By Sharon Hoyer
In 1995, the age of consent in Michigan was 17. I learned this when I went to my job waiting tables at Thomas’ Family Dining on the first day of April of that year, and was met with a trio of sidelong glances and mock-enthusiastic birthday greetings from behind the line, along with one half-serious inquiry as to my plans for the evening.
To date, the bulk of my practical sex education had come unsolicited from Roxanne, a colleague at the restaurant—the most popular with customers for her flirtatiousness and bawdy humor—who volunteered reports on her scandalous escapades with Jason, one of the line cooks. Roxy’s graphic tales of quasi-public fellatio and odes to Jason’s masculine endowment threw unwelcome technical illustrations into my soft-focus fantasies of deep, reclining kisses with an anonymous figure—Golden Age of Hollywood scenes that grew blurrier as passions heightened and three-piece suits melted away. In truth, the image of foul-mouthed, full-figured Roxy in flagrante delicto with the unremarkable young man behind the broaster did little to spoil my conception of sex. Anyway, Jason was coarse, brutish and as dim as the bulk of my male classmates. It was Chris who kept me looking forward to pouring sodas and assembling breadbaskets for the elderly of Livonia. Tall and slim, shy, with dark hair already retreating a bit at the temples (like Cary Grant or any sophisticated man suffering from an excess of testosterone), a few curls of chest hair visible at the neck of his tee shirt, Chris was the only other line cook in his twenties who hadn’t done time. At least that I knew of. Our fleeting exchanges through the pickup window, about toast or the temperature of fries, were hampered by my downcast gazes and nervous watch-twiddling; the crystalline moments when he left the kitchen to fill his glass at the chocolate-milk dispenser had me walking into corners for a half-hour afterward.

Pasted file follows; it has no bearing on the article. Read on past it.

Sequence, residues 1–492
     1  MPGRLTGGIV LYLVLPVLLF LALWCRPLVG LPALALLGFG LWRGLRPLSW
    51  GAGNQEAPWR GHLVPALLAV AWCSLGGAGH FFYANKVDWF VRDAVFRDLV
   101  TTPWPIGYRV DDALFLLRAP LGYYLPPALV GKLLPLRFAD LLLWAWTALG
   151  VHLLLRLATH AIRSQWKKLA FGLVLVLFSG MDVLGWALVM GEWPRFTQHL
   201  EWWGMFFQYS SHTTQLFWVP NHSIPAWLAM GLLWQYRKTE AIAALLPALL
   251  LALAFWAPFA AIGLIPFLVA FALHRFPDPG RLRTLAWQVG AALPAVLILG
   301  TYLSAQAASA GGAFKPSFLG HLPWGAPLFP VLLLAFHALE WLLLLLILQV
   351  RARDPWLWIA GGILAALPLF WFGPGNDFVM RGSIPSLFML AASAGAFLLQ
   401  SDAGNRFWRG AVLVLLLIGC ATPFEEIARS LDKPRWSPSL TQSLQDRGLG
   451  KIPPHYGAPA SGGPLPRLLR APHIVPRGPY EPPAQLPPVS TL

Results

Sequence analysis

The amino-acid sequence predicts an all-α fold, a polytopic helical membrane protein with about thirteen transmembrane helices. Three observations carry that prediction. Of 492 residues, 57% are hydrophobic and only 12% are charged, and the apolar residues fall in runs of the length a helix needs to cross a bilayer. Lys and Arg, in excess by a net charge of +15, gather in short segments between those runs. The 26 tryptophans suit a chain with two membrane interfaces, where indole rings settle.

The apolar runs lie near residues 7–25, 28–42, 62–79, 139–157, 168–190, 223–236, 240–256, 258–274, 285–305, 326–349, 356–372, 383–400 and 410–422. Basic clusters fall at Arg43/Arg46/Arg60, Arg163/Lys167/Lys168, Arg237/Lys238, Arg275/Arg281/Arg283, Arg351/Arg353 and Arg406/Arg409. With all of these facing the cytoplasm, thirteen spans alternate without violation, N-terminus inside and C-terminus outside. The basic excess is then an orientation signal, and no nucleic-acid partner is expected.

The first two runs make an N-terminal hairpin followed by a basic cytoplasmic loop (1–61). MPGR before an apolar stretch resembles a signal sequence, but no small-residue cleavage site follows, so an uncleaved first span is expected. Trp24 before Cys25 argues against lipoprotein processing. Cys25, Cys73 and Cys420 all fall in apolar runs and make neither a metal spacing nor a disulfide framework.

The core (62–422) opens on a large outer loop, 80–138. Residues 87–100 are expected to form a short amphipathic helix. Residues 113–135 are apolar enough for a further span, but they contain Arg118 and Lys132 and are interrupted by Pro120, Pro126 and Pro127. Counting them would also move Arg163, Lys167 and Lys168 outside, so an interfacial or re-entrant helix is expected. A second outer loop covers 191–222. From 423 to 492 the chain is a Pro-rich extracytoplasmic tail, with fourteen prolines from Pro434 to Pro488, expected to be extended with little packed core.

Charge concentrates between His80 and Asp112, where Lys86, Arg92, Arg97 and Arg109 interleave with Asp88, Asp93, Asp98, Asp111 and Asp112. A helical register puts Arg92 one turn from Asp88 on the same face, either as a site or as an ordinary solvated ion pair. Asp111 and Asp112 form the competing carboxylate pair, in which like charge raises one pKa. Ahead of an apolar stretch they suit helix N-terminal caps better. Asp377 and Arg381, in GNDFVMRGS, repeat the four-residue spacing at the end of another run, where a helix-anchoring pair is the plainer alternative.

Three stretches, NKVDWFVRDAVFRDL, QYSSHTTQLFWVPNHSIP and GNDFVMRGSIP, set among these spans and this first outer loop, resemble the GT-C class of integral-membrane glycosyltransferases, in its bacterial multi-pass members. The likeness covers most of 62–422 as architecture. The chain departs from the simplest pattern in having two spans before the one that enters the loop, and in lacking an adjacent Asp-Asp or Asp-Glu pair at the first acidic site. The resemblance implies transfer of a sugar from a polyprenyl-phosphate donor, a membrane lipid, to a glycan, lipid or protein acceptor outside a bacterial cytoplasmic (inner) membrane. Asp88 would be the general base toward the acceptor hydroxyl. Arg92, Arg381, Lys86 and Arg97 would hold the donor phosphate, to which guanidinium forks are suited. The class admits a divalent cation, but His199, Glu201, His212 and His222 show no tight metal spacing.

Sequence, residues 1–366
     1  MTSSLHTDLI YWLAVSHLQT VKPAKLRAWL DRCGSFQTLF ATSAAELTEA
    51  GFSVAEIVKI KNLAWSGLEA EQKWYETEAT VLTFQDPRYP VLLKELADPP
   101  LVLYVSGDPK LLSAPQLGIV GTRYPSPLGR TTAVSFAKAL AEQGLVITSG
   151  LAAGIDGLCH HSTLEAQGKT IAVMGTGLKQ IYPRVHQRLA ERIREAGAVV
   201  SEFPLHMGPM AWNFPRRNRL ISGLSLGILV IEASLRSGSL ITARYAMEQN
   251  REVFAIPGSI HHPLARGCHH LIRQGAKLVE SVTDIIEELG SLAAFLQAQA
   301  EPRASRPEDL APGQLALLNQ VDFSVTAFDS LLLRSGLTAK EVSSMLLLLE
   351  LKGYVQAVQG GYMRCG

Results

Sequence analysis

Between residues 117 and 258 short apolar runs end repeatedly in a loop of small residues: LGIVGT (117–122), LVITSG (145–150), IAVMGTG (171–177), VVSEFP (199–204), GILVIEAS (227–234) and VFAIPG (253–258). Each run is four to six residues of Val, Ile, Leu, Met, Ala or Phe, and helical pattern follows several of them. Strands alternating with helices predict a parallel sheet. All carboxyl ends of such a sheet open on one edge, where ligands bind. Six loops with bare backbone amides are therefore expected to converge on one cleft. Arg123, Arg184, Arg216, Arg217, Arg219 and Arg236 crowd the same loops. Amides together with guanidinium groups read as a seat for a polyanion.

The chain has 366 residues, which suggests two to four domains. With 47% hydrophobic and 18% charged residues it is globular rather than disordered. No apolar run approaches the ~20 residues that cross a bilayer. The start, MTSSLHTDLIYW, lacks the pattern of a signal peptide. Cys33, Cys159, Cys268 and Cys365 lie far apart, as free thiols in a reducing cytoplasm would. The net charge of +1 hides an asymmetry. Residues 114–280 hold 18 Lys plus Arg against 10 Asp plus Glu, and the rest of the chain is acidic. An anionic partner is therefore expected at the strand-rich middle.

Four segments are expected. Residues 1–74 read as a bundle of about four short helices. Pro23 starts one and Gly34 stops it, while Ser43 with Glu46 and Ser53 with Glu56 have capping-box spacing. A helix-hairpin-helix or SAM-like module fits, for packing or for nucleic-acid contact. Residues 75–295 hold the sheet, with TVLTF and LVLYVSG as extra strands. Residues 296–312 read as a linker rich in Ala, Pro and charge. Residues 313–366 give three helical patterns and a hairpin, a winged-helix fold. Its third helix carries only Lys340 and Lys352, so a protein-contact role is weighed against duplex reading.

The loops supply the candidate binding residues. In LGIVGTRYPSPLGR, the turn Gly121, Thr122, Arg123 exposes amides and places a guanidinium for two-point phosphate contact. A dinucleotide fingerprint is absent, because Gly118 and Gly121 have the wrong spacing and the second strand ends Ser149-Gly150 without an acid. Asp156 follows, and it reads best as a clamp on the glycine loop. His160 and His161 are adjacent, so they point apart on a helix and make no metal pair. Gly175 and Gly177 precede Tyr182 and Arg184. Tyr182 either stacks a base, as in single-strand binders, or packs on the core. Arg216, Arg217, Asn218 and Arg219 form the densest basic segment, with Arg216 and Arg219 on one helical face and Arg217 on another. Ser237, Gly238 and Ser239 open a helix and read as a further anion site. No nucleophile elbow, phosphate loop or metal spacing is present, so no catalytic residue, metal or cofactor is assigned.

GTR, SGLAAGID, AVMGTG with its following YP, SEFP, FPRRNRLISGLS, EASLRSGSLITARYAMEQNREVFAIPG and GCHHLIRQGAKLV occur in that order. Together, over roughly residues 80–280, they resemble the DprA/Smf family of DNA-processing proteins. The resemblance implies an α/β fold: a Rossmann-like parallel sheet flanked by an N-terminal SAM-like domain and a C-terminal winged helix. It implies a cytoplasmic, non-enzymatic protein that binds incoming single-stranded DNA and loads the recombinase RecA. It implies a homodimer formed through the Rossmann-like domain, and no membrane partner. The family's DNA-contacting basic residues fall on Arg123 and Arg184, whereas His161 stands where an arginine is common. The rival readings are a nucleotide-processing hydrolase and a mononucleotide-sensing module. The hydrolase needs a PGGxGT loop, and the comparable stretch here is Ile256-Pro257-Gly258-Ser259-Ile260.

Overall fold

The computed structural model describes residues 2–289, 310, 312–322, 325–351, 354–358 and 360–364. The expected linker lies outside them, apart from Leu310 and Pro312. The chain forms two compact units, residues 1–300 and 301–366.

Chris asked me out two weeks after my birthday and three days after a phone conversation—monologue, more accurately—in which I mourned, between sobs, my own inevitable loveless, virginal death. Yet like an act of God, on my next shift, Chris walked out of the kitchen as I was folding my apron and inquired if I was free over the weekend. I was. We exchanged numbers and about six hours later I realized that I had been asked, with no detectable sarcasm, on a genuine date by a man. A man I’d harbored a debilitating crush on for months. A man who developed a five o’clock shadow each day around five o’clock.
The possibilities of the universe yawned before me; if this incredible person were interested in spending recreational time with me, there was hope that I might taste a kiss before withering into half-mad crone. But that entailed a date. What happens on a first date? None of Roxy’s crude, utilitarian encounters certainly, but still, this was an older guy; how much older I wasn’t sure…old enough to bet on horses at the Northville Downs, old enough to legally order a beer at the windowless bar on the far end of Thomas’ parking lot. Did he know he had made plans to attend the Michigan State Fair with a high-school senior, an awkward child-woman—hungry, yes, hungry for five years now—but who hadn’t so much as thumb-wrestled with a member of the opposite sex?